Degree of freedom “B” is the linear adjustment of the secondary member 20, and the dryer 12 attached thereto, through the positioning support 22. This movement is made and secured by one of the lower screw pins 24. In this embodiment the secondary member 20 is cylindrical in shape, thus the member 20 and the dryer 12 can be rotated annularly as shown by degree of freedom “C”. A third adjustment can be made from this lower screw pin 24. That is the angular positioning of the secondary member 20 with respect to the base member 14. This is designated by the degree of freedom “D”.
Two additional adjustments can be made by the movement of the secondary member 20, and associated dryer 12, with respect to the base member 14. The first is in the vertical adjustment of the assembly along the length of the base member 14. This is designated by degree of freedom “E”. As with the secondary member 20, the base member 14 is shown here to be cylindrical in shape. As such, the assembly can be rotated about the long axis of the base member 14. This is illustrated by degree of freedom “F”. The means of providing adjustment and securing it are made by the respective loosening and tightening of a second lower screw pin (not shown).
An isometric view of the invention 10 is shown in FIG. 2. The base member 14 is mounted on the support device 16, or the suction cup which secures the device to the supportive surface. The positioning support 22 joins the base member 14 with the secondary member 20 which in turn positions the clamp 26 at a given position and orientation in space. The upper screw pin 32 (with a knob for the user's had to grasp) is shown at the distal end of the secondary member 20. In a similar manner the lower screw pins 24 and 34 provide a practical method of locking and unlocking mating parts. A variety of methods of attachment can be used to secure these parts in such a way that they can also be released and moved. What is shown is the preferred embodiment.
In FIG. 3 a front isometric view of the invention 10 is shown. In this view the spring clamps 28 are shown in more detail. Here the spring clamps 28 are molded into the base 36 of the mounting clamp 26. This is one manufactured method but the part could be comprised of spring clamps that are fastened to the base 36 of the mounting clamp 26. In any form, the spring clamps 28 are spring like in nature with an open end away from the base 36. This is done so that the spring clamps 28 can flex to receive the handle of a dryer or other object. Upon receiving the object, the spring clamps 28 grasp the object to hold it securely until the user would remove it.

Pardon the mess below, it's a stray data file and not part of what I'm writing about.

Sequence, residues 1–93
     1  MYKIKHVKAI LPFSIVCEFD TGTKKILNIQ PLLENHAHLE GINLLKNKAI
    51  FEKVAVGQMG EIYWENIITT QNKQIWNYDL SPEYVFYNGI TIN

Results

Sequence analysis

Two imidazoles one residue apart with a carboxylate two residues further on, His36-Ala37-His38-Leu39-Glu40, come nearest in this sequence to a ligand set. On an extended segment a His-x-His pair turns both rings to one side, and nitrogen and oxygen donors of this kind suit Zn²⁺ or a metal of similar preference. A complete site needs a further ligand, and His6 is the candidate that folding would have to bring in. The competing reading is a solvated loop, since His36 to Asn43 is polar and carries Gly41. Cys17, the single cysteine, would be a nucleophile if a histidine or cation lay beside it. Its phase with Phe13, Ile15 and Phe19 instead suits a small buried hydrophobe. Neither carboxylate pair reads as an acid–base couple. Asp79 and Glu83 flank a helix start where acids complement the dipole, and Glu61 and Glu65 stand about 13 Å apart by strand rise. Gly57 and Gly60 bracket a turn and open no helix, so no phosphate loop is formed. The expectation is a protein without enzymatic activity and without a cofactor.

A more detailed view of the positioning support 22 is shown in FIG. 4. This is an exploded view of the components of the device. A pair of split collars 38 and 40, which are each comprised of a block of semi-rigid material with a large bore. The first large bore 42 is for receipt of the secondary member 20 and the second large bore 44 is for receipt of the base member 14. The blocks have a split 46 from the respective bores 42 and 44 through the blocks. A spacer 48 is optimally positioned between the collars to provide a bearing surface for the collars to the rotated one against the other. The collars 38 and 40 include cross-bores 50 that receive the shaft portions 52 and 54 of lower screw pins 24 and 34 respectively. One collar (here collar 40) has an internal threaded portion that mates with the male threaded portions of the shafts portions 52 and 54. By tightening the first lower screw pin 24 the split 46 is reduced and the first large bore 42 is slightly reduced, thereby clamping onto the secondary member 20 housed therein (not shown here). In addition this collar 38 is pulled against the spacer 48 and therefore the second collar 40 allowing friction to secure the collars in angular orientation with one another. The clamping mechanism of the second collar 40 works the same as the first with the threaded portion of the shaft 54 mating with the female thread 56. This secures the collar 40 to the base member 14 (not shown here).